Making The Numbers Work In San Antonio's Urban Core
Downtown development in San Antonio would be almost impossible without the current cocktail of local incentives and federal loans, developers agreed at Bisnow's State of the San Antonio Market in September.
That is because the income expectations are different from other Texas markets. Almost every multifamily project must be aimed at the reality of the Alamo City income levels: $10K Downtown and between $50K and $75K in the suburbs. The sweet spot for affordable Downtown housing must stay under $2,500 per month.
NRP Group puts about half of its units aside for what might be considered affordable housing, Vice President Tim Cone said. About half the units in the Cevallos Lofts are accessible to people making $50K or less. Cone said most residents would be hard-pressed to identify a neighbor living in one of the more affordable units. But building that way is not easy.
"It is almost impossible to come up with affordable units Downtown without the help of the city and county, when you think about development economics," Cone said. "You see in San Antonio that land prices have skyrocketed and the only way to achieve responsible development is with government incentives, either through HUD or the State of Texas."
Even Downtown high-rises need the help to counter development costs. JMJ Development's tower at the corner of Villita Street and Jack White Way, for instance, is secured by a HUD loan. That made a residential tower — and not just another hotel — feasible.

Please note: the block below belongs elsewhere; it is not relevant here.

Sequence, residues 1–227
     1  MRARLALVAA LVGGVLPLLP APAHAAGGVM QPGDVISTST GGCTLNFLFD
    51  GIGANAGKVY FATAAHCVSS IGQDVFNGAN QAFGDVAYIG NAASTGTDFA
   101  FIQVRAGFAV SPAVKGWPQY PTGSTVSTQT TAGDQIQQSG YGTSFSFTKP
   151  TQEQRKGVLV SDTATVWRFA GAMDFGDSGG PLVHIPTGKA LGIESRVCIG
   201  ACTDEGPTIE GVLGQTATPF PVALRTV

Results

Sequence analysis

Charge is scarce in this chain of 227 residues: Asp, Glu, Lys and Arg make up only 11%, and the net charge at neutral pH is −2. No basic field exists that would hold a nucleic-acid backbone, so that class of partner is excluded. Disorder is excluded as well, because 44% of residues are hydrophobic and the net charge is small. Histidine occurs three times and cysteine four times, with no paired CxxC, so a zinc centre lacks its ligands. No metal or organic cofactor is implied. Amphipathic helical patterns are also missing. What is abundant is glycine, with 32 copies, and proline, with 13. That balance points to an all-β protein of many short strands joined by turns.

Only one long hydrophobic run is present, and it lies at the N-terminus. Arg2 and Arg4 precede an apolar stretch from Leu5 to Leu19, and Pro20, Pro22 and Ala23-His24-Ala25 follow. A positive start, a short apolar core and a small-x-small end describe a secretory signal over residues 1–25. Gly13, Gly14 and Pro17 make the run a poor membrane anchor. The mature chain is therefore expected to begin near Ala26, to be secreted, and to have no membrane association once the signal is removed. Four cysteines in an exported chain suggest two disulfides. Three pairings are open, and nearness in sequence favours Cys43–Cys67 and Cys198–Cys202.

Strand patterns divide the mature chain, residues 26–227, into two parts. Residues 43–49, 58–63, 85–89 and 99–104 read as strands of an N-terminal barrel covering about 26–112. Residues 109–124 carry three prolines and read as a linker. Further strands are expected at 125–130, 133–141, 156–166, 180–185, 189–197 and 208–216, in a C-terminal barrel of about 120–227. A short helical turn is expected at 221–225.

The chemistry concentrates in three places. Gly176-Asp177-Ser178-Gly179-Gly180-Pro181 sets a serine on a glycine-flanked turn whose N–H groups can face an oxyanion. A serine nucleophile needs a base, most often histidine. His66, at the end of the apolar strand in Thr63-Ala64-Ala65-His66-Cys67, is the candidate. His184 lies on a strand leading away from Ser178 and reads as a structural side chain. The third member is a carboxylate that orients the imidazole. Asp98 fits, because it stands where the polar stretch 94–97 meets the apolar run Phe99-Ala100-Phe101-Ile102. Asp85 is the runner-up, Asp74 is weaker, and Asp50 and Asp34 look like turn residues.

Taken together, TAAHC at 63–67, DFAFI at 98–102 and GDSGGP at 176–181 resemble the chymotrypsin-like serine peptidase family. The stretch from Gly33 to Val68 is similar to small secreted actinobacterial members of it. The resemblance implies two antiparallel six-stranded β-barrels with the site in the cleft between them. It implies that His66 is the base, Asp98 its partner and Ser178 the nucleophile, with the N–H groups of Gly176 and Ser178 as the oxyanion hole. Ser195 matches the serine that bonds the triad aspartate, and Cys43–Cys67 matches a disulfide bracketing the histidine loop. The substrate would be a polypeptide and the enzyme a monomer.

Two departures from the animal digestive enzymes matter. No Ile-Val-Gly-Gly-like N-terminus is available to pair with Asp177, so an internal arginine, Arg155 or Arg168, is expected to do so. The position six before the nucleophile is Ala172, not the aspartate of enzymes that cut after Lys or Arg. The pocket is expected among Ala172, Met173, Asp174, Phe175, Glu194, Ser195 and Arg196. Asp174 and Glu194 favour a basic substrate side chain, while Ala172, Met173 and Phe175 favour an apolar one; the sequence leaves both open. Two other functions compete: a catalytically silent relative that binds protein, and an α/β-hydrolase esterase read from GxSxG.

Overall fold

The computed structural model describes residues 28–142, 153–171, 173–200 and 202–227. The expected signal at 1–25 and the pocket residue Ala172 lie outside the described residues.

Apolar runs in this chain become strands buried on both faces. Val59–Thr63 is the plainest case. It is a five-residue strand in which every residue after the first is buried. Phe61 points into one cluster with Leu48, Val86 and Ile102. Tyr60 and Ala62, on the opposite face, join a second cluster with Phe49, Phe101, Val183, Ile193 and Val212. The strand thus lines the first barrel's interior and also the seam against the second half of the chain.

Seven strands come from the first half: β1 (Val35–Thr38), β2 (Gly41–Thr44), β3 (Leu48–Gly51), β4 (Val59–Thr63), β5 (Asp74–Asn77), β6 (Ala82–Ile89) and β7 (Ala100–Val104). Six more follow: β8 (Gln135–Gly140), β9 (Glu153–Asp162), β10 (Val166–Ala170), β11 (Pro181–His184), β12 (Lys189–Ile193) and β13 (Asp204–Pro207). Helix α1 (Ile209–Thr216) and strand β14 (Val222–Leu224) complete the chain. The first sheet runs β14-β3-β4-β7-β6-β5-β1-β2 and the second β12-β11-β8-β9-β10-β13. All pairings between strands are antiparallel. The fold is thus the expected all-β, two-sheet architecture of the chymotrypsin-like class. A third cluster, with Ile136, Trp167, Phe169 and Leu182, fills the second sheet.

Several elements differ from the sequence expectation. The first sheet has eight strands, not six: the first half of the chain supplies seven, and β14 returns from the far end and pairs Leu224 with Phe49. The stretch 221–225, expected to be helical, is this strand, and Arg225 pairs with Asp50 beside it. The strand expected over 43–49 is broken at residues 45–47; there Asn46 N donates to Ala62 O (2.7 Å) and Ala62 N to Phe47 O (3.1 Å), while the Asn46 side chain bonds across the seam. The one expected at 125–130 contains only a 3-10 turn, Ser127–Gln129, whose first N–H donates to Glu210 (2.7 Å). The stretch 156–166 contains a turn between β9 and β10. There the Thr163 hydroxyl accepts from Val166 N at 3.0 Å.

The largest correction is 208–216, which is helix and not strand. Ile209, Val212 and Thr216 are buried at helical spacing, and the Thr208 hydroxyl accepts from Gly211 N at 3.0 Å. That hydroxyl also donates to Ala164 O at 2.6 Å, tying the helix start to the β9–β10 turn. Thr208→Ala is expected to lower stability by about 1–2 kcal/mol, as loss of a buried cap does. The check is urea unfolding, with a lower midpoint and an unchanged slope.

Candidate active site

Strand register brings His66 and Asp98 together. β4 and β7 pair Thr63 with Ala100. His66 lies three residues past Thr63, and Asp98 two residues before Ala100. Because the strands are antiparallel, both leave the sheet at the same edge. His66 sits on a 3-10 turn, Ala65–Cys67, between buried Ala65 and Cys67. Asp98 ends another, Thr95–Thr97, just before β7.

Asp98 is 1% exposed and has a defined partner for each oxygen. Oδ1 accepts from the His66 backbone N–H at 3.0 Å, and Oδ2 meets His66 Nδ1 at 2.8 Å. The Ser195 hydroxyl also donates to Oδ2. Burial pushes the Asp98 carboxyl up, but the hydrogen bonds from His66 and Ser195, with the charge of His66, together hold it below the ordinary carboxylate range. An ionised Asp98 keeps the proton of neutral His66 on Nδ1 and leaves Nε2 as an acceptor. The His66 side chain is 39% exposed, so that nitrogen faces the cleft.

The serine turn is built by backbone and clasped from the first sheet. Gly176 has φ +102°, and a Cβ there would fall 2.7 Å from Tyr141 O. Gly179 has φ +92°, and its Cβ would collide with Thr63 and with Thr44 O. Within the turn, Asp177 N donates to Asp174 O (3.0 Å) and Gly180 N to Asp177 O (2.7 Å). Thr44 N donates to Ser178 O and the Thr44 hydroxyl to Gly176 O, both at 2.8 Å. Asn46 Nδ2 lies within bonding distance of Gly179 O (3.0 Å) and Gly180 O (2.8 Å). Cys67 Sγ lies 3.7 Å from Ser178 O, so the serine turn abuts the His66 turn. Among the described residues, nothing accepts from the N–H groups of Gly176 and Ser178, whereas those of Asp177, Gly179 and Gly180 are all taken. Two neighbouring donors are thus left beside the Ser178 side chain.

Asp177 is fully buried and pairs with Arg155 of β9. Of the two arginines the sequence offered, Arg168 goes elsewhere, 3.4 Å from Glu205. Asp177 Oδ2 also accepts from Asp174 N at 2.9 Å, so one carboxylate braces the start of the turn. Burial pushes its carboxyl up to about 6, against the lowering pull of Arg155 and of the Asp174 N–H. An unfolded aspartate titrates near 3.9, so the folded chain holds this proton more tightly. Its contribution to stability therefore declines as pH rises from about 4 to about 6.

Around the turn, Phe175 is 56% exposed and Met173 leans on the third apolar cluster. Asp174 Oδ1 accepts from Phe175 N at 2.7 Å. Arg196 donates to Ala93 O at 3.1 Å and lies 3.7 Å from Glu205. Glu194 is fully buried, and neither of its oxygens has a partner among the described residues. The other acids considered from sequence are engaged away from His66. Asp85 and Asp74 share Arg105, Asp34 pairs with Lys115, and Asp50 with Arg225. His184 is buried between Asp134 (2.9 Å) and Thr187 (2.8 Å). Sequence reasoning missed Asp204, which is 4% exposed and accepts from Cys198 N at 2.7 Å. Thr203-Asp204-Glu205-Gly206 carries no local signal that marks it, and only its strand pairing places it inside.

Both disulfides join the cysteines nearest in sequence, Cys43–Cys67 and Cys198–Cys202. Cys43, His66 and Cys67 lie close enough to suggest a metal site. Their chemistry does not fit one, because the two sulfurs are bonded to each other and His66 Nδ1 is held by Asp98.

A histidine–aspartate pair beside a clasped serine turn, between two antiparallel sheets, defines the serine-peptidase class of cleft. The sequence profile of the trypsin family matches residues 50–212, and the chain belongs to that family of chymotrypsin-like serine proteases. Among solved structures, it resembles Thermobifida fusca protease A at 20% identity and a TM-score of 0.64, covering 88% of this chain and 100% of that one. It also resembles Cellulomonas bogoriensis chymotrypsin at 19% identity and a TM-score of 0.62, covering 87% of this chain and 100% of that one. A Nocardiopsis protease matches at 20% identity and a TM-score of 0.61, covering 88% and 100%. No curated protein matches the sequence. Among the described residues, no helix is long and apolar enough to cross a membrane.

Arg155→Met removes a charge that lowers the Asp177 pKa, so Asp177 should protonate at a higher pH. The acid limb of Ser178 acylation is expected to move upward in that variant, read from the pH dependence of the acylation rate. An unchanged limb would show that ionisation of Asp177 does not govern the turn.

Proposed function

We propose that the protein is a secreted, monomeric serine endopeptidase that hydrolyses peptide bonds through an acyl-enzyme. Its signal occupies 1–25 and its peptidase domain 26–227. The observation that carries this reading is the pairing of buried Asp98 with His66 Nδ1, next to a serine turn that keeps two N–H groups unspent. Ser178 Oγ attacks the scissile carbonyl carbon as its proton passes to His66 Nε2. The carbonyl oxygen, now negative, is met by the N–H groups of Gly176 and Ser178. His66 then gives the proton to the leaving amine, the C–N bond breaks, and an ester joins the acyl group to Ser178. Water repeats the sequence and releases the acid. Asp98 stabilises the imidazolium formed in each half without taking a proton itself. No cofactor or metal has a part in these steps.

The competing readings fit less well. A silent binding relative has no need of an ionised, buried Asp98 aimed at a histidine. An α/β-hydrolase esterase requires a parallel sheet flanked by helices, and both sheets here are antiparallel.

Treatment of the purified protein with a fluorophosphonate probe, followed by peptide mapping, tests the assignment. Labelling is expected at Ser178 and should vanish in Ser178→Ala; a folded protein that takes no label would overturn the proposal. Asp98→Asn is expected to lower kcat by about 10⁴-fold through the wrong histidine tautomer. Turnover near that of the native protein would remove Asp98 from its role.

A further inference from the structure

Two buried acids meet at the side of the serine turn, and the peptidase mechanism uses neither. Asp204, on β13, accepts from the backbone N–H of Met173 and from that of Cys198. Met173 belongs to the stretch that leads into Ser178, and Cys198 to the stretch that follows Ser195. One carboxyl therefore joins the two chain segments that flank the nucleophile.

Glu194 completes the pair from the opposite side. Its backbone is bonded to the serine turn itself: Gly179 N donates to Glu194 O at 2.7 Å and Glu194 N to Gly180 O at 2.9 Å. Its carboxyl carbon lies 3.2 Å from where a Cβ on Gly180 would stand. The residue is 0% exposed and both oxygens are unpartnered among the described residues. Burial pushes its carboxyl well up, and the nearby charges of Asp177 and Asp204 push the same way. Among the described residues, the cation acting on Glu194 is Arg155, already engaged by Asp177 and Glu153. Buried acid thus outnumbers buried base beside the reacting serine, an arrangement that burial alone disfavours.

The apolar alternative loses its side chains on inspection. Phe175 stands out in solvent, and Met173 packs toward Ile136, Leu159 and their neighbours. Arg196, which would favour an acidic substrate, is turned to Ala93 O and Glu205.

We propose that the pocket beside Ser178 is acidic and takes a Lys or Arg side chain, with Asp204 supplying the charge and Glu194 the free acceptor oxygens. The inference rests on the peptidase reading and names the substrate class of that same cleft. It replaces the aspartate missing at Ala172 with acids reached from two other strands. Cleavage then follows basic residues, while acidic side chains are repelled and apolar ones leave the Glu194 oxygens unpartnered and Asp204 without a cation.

CEO Tim Barton has seen development transform Dallas so he understands San Antonio's potential. And he has confidence that a 28-story tower on the Riverwalk is going to find its footing in a market that has not seen a residential high-rise in decades.
"Once we started studying the market, we saw the demand in the CBD to have more units in the urban core," Barton said. "It caused us to change a very tight site on the end of the river into something residential."
The project, yet unnamed but currently nicknamed the Villita Tower, is secured with a multifamily HUD loan, locking in the interest rate at 3.7% over 40 years with a 40-year amortization rate. That program is intended to guarantee quality multifamily housing is being built in underserved markets, Barton said.
Demolition of the Hood Building could begin as early as this week. Barton likes that head start, putting him ahead of the Kallison Square, the 21-story residential tower expected to break ground next year.
The ability to own, rather than rent, means many who are living Downtown are putting only 20% of their income toward housing, Greystar Real Estate Partners Managing Director Jill Welborn said.
Greystar manages 45 properties in the greater San Antonio area, including 1800 Broadway, River House and Agave. Welborn made a number of observations: pre-leasing is still strong in the Downtown market, more empty nesters than expected jumped on Downtown living and a shadow housing market still exists in San Antonio.
And new parts of town are opening up for multifamily, Cone said.
"I think the stigma of the East Side and Near East Side is going away, especially if you're going to develop a nice enough product that is true enough to the area," Cone said.
Apartments in St. Paul Square are a 10-minute walk from Downtown, compared to a 45-minute walk to Downtown for anyone living at The Pearl, which is drawing developers to the area.